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October 16, 2023

Are we angry at the watermelon?

A fluffy kitten is sitting on top of a watermelon, looking disgruntled. And the caption reads…

“Never before has anything been so angry at a watermelon.”

How many times have there been situations in which we found ourselves being as angry with/at anything as this small feline is?

Is there an explainable, justifiable reason the kitten is livid with this large fruit?

No, probably not.

The kitten’s probably upset about something else. The little critter is scared, hungry, lonely, cold. Something. It’s not because of a deep-seated hatred of watermelon. It seems ridiculous for us to sign onto the belief that Kitty is reasonably irate over that summertime treat.

So, why is it not ridiculous for us to believe, at face value, that we are simply mad at something or someone, clear cut, pure and simple, without delving any deeper into what’s driving the fury?

So, what’s the deal?

We are stuck in a moment of displaced anger.

It’s a simple statement, but far from simple as a practiced behavior.

We can determine that anyone or anything is the cause of our rage and our maladaptive behavior. That is the villain; that is our enemy.

The focus of our rage is not the real focus.

Being angry solely at the watermelon is not the solution.

We may assent to that logically, but emotionally? That is trickier.

It’s easier to believe we are smarter and better than someone who could lose it as easily as a kitten over a melon.

But our emotions? They typically don’t seem to cooperate with a “rational” or “am appropriate” response.

Instead, we do things like…

We launch into a tirade with a telemarketer or a customer service person…

We not only flip the bird to a person who cuts us off, but we stop the car, get out of the car, and aggressively charge the other driver with yelling, threats, and anything that can work to convey our menacing status…

We set our ex’s clothes on fire after we break up with them… (or sometimes, before we break up with them)…

The anger is displaced.

Yes, it is.

The prospect of change is discouraged?

Part of why it’s displaced is because we have often received the message and the experience that anger was unacceptable and unsafe.

And it that message, change was also forbidden.

No, we weren’t granted permission to have an uncomfortable and unpleasant emotion or response. That includes anger and frustration.

For those things to be allowed, change would also need to be embraced as well.

And many of us were around people and systems that wanted nothing to do with change, from us, or from anyone or anything else.

Well, that’s realistic and healthy, isn’t it?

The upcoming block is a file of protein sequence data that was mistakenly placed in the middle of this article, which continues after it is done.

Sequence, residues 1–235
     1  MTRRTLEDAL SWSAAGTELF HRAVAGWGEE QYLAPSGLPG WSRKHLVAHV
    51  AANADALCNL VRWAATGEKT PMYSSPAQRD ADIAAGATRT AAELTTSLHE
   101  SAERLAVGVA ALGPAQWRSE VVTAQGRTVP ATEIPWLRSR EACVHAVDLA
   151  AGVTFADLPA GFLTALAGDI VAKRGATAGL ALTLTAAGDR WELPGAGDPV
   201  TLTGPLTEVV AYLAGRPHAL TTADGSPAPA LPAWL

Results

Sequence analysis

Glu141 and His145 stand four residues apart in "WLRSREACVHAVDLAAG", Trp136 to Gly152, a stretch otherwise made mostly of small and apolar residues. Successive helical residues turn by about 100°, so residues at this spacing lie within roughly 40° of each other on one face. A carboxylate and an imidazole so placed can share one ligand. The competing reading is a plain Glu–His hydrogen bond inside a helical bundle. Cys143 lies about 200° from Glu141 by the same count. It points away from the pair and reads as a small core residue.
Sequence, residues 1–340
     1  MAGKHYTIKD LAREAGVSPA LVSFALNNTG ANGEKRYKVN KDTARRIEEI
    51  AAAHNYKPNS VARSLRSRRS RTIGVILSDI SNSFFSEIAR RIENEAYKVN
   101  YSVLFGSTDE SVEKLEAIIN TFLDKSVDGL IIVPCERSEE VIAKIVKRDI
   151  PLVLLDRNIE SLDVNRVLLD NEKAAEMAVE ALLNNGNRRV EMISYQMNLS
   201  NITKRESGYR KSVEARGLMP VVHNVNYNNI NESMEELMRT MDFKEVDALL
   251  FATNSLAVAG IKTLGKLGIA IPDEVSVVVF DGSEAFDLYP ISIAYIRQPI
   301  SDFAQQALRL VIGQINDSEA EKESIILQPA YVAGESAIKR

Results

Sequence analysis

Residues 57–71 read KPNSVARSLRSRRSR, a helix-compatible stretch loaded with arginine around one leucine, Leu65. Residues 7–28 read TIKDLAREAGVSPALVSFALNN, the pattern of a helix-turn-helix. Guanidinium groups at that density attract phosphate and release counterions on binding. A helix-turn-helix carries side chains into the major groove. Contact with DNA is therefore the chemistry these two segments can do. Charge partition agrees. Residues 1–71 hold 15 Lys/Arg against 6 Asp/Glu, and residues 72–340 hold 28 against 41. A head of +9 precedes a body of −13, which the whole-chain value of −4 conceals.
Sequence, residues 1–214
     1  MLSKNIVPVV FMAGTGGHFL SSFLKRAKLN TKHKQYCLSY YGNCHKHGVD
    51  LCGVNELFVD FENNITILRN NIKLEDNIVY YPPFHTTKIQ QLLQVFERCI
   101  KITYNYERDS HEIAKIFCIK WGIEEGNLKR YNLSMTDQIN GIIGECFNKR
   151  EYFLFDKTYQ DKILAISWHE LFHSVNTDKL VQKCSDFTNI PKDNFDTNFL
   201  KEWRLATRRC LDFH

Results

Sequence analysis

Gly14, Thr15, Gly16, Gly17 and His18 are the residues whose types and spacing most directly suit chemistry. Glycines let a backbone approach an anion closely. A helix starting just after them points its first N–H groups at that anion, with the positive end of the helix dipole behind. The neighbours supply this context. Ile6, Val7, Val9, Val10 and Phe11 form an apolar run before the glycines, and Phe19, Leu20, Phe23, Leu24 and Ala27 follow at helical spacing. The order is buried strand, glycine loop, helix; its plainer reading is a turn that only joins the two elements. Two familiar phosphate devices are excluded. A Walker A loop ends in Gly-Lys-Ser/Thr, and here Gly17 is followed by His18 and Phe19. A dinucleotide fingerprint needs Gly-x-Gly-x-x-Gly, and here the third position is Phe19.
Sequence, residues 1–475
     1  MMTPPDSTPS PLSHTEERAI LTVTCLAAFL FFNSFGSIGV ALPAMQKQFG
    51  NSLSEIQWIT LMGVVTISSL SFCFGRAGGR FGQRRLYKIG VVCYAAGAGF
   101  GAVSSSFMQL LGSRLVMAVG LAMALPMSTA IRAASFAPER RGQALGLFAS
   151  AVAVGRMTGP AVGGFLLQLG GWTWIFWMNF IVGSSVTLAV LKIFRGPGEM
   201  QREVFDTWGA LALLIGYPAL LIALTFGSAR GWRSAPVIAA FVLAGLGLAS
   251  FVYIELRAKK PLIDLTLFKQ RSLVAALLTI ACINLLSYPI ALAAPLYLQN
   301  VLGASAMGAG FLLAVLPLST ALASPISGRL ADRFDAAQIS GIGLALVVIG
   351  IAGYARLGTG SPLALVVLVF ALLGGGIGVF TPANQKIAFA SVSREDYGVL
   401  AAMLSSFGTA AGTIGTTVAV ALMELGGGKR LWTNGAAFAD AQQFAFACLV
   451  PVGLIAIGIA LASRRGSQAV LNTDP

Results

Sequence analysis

So, when that has been our daily and regular experience, anger is the response. It is usually in the form of suppressed, chaotic, and dysfunctional expressions of anger, but it’s there. Anger must go somewhere; it needs to be channeled somehow.

And sometimes, that’s on a designated watermelon of our choice: a person, place, or thing. We “take it out” on someone or something because the toxic buildup can only operate in our bodies and minds for so long before it winds up exploding.

What can we learn to generate a better result?

Coping strategies. What are they?

Can they be healthy and constructive instead of our go-to, quick on the trigger, outbursts at our designated melons?

I know the prospect of this can provoke eye rolls and frustrated sighs. The mind, perhaps, is not as gratified at thoughts of employing hobbies, like knitting or journaling. Is it realistic to believe that these options can work for us?

But many of us, in various ways, have learned how destructively displayed anger has not worked for us. We have suffered the consequences. We have lost relationships, marriages, careers, reputations, money, and self-respect, taking it out on our chosen watermelons.

We now have numerous regrets about those life choices.

Once upon a time, we “learned” to be angry at the melon. Therefore, it’s possible to learn other things as well.

Hobbies. Activities. Therapy. Self-reflection tools. Radical acceptance of truth.

We can learn those things.

The why question replaces the watermelon.

That education often begins once we ask, “Why.”

Why did we choose the watermelon as our watermelon of unleashed anger?

What purpose did that melon serve?

What need were we trying to meet?

What were we trying to avoid?

Instead of just emotionally and mentally checking out, we can confront the melon for what it represented to us.

How was it a pacifier? How was it an acceptable release valve? How was it nourishment?

The watermelon fed us somehow. What was that?

It is about imperfect substitution. Yes, we exchange one for another.

And the “why question” often replaces our lack of awareness, and our habit of choosing the numb approach, instead of “feeling the feelings.”

Choosing other things than our familiar watermelons take commitment and work.

We can be angry, in our real lives, and have that anger be healthier.

Let the watermelons simply be watermelons.

Copyright © 2023 by Sheryle Cruse

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